Literary Review

South Asian constitutions

Unstable Constitutionalism; Mark Tushnet & Madhav Khosla  

Comparative constitutional law, which involves the study of constitutional jurisprudence and its relative application to political institutions in different countries, has in recent times emerged as an important field of examination. But much of the academia involved in these comparative studies has focused its attention on the constitutions of Western democracies. Even when constitutions of developing countries are considered, the comparison often features their structures qua those contained in the constitutions of supposedly more sophisticated societies.

As a result, what we have is a highly lopsided compendium — for instance, existing studies partake very little of the challenges faced by constitutional democracies in South Asia. This imbalance is sought to be corrected by a new, and admirable, anthology of academic essays, Unstable Constitutionalism: Law and Politics in South Asia, edited by Mark Tushnet, a professor of law at Harvard Law School and Madhav Khosla, a Ph.D. candidate at the Department of Government at Harvard University.

Unstable Constitutionalism contains 12 different contributions, each authored by renowned experts in the field, and features the constitutions of five South Asian countries: India, Nepal, Pakistan, Bangladesh and Sri Lanka. Tushnet and Khosla’s joint effort in explaining the common instability of constitutionalism in these countries sets the tone for the book. The writers tell us how, despite the significant differences in history and politics, these nations share more than just geography.

The constitutional developments in the five countries, Tushnet and Khosla write, are marked by “recurring tensions that lie at the intersection of law and politics.” According to them, the significant participants in the administration of each of these countries are inherently committed in one form or another — whether liberal or otherwise — to constitutionalism. The area of concern, often common to the five countries studied, is in agreeing on a single institutional design ideal for governance given their respective societal challenges.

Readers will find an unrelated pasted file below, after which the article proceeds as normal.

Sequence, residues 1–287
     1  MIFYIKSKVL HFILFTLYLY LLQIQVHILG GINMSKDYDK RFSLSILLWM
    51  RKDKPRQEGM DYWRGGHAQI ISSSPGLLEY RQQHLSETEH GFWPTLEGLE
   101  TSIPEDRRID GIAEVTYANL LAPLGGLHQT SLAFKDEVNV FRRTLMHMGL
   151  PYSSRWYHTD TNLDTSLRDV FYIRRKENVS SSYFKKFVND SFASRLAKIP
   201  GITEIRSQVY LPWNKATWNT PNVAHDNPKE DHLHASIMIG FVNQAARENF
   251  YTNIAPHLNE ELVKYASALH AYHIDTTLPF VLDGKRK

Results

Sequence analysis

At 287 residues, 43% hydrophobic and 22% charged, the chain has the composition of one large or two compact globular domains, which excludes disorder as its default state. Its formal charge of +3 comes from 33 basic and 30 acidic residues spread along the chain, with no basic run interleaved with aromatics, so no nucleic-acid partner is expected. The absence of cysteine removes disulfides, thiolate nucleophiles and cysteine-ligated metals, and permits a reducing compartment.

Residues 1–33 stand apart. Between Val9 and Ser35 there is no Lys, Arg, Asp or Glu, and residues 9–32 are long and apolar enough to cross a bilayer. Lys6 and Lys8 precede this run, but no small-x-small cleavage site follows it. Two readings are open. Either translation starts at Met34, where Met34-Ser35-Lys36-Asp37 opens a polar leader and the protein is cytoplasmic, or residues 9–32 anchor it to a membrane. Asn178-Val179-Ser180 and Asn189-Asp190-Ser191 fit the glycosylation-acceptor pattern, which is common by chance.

Sujit Choudhry, a professor of law at the University of California, Berkley, adds further weight to Tushnet and Khosla’s introductory assertions by focusing on two significant areas of Indian constitutionalism: the doctrine of basic structure that forbids Parliament from amending core features of India’s constitution, and the Supreme Court decisions on the constitutionality of caste-based reservations. The former, according to Choudhry, was an effort by the Indian judiciary to stabilise Indian constitutionalism; a confrontation, as it were, of a single political party’s abuse of a dominant position. The latter, he writes, is especially significant in that “India is one of a number of polities in which the beneficiaries of affirmative action are not ascriptive minorities but rather majorities.” These areas, in his belief, carry much significance, even though a comparative examination is yet to fully take place.

The rest of the collection in Unstable Constitutionalism is divided into two parts. One details the forms and sources of instability in the five countries and the other focuses on reactions and responses to instability. The first part contains a telling essay by Mohammad Waseem, a political science professor at the Lahore University of Management Sciences, who writes forcefully on the reshaping of constitutionalism in Pakistan by various institutions based on their respective vested interests. Constitutionalism in Pakistan cannot be grasped fully unless the policies and actions of the major players – such as the army, Islamic groups, political parties, and ethnic forces – are considered as proponents of parallel legal and institutional perspectives.”

The essays in the second part of the book, on how these countries and their respective constitutional institutions react to instability, are of great significance. Pratap Bhanu Mehta, president and chief executive of the Centre for Policy Research in New Delhi, for example, has critically elucidated the role that the Indian Supreme Court plays in striving to seemingly stabilise the country’s democratic edifice. The court, Mehta writes, has the power — in some cases acquired by arrogation — to not only declare parliamentary law unconstitutional but also parliamentary amendments to the Constitution as nullities. What’s more, the higher judiciary often involves itself in important executive functions. The court, according to Mehta, performs an almost “promiscuous” role. “It seems that nothing is beyond the scope of its power and jurisdiction.”

The prevailing narrative and the existing critical studies on the Indian Supreme Court do not, in Mehta’s opinion, offer real normative guidance. Instead, he argues that the court must be seen as “an institution that must be mindful of the fact that it is competing with other branches of government for broader public legitimacy”. The court’s decisions, therefore, are not often driven by simple concerns of rule of law. Rather they take on partake a political character. This results in a court that acts not on the basis of theory and the pure letter of the law, but “as a custodian of what it perceives to be the public interest,” writes Mehta.

When we look at the five countries studied in the anthology, the Indian Supreme Court’s approach might be rather distinct. But, as these essays show, there is much to be gained from a comparison of the experiences of different constitutional institutions across these nations.

The writer is an advocate practising in the Madras High Court.

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Printable version | Jan 25, 2022 2:47:45 AM |

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